Once your cryptocurrency is stolen, you no longer have control over it. And from a tax perspective, you are not responsible for what happens to those assets afterwards. The question then becomes whether you can claim the losses at your cost basis when your cryptos were stolen or hacked from exchanges or wallets.

Whether or not you can claim a tax deduction for losses from stolen or lost crypto depends on the tax laws of your country. In some countries, such losses are not deductible, while others have more lenient laws, such as Norway and Australia, that allow for such deductions. It's important to consult with a tax professional who is knowledgeable about the laws in your country to determine your eligibility for claiming these losses on your tax return.

Reporting lost or stolen crypto in Norway?

If you're a Norwegian investor who has lost or had their crypto stolen, there's good news. The Skatteetaten has provided clear guidelines on how to report these losses on your tax return, and they're more sympathetic to investors than many other tax authorities.

In Norway, you can claim lost or stolen crypto as a capital loss, provided you have the evidence to support your claim. This evidence should demonstrate that you've made reasonable efforts to recover your lost investment. If you're able to do so, you can offset these losses against your capital gains.

The Skatteetaten says “If you have been scammed, the loss may be deducted if you can provide documentation or substantiate that the investment is finally deemed to be lost. This means that you must have tried to recover all or part of your investment.

To report a loss due to a scam, you can enter it in the "Other costs linked to other income" field in the "Minimum standard deduction and other deductions for expenses linked to employment and other income" card.

According to Skatteetaten, relevant documentation for claiming a loss due to a scam may include your transactions related to the scam, emails or other correspondence with the scammer, a police report, and any mention of the scam in the media or other sources. However, to minimize the chances of a dispute, it's essential to keep other important documents, such as:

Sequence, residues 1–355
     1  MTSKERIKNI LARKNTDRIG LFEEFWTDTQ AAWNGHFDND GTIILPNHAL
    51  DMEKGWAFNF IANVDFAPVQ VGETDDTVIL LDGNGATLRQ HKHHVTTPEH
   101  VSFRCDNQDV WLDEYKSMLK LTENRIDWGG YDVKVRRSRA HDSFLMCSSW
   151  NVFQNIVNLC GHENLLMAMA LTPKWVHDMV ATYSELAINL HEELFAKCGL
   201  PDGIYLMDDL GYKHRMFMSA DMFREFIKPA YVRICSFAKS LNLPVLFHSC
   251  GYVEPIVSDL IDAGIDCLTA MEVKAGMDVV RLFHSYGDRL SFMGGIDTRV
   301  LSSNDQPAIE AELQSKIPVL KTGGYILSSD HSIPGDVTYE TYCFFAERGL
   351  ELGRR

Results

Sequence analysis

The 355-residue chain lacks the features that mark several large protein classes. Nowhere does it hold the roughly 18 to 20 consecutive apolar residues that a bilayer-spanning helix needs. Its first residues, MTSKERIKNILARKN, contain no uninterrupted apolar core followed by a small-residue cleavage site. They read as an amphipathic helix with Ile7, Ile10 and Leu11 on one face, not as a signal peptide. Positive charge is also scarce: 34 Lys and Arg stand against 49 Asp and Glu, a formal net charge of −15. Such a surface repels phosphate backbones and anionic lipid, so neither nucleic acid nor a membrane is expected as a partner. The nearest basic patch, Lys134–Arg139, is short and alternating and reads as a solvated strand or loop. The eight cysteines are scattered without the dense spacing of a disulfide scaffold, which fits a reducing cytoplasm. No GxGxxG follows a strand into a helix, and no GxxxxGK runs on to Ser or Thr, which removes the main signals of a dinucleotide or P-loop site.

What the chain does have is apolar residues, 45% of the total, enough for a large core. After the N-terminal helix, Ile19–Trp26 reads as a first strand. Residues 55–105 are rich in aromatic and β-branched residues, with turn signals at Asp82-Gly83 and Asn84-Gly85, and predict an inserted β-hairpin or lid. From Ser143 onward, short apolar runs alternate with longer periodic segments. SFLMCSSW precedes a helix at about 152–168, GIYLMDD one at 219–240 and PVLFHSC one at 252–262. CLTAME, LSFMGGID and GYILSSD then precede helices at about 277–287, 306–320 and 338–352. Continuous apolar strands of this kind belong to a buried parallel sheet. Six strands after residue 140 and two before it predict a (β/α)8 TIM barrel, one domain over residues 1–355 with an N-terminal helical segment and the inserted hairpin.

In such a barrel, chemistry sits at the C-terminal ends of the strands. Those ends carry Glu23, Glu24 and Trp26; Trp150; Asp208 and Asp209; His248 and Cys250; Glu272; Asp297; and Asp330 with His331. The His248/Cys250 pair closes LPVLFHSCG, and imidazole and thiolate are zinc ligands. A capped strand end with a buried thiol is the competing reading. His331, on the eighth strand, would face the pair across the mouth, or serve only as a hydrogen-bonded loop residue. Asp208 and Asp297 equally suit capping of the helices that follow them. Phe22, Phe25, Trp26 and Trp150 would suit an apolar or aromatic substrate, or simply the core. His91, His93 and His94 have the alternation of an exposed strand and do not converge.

• The dates you received and lost your assets
  • The wallet address associated with the private key
  • Proof of the costs you incurred to acquire the lost or stolen crypto
  • Proof of the amount of crypto in the wallet before you lost access or had it stolen
  • Proof that you own the wallet or are in possession of the hardware that stores it
  • Proof of any transactions you made to the wallet

Reporting lost or stolen crypto in Denmark?

The Danish Tax Authority, also known as Skattestyrelsen, has provided clear guidelines on how to report lost or stolen crypto. Unfortunately, their belief is that losing access to your crypto wallet does not necessarily mean losing ownership of the asset. This means that many crypto investors in Denmark may not be eligible for a tax deduction if they've lost their wallet key or lost their crypto due to a scam, according to the Danish Tax Authority's ruling in SKM2018.104.SR.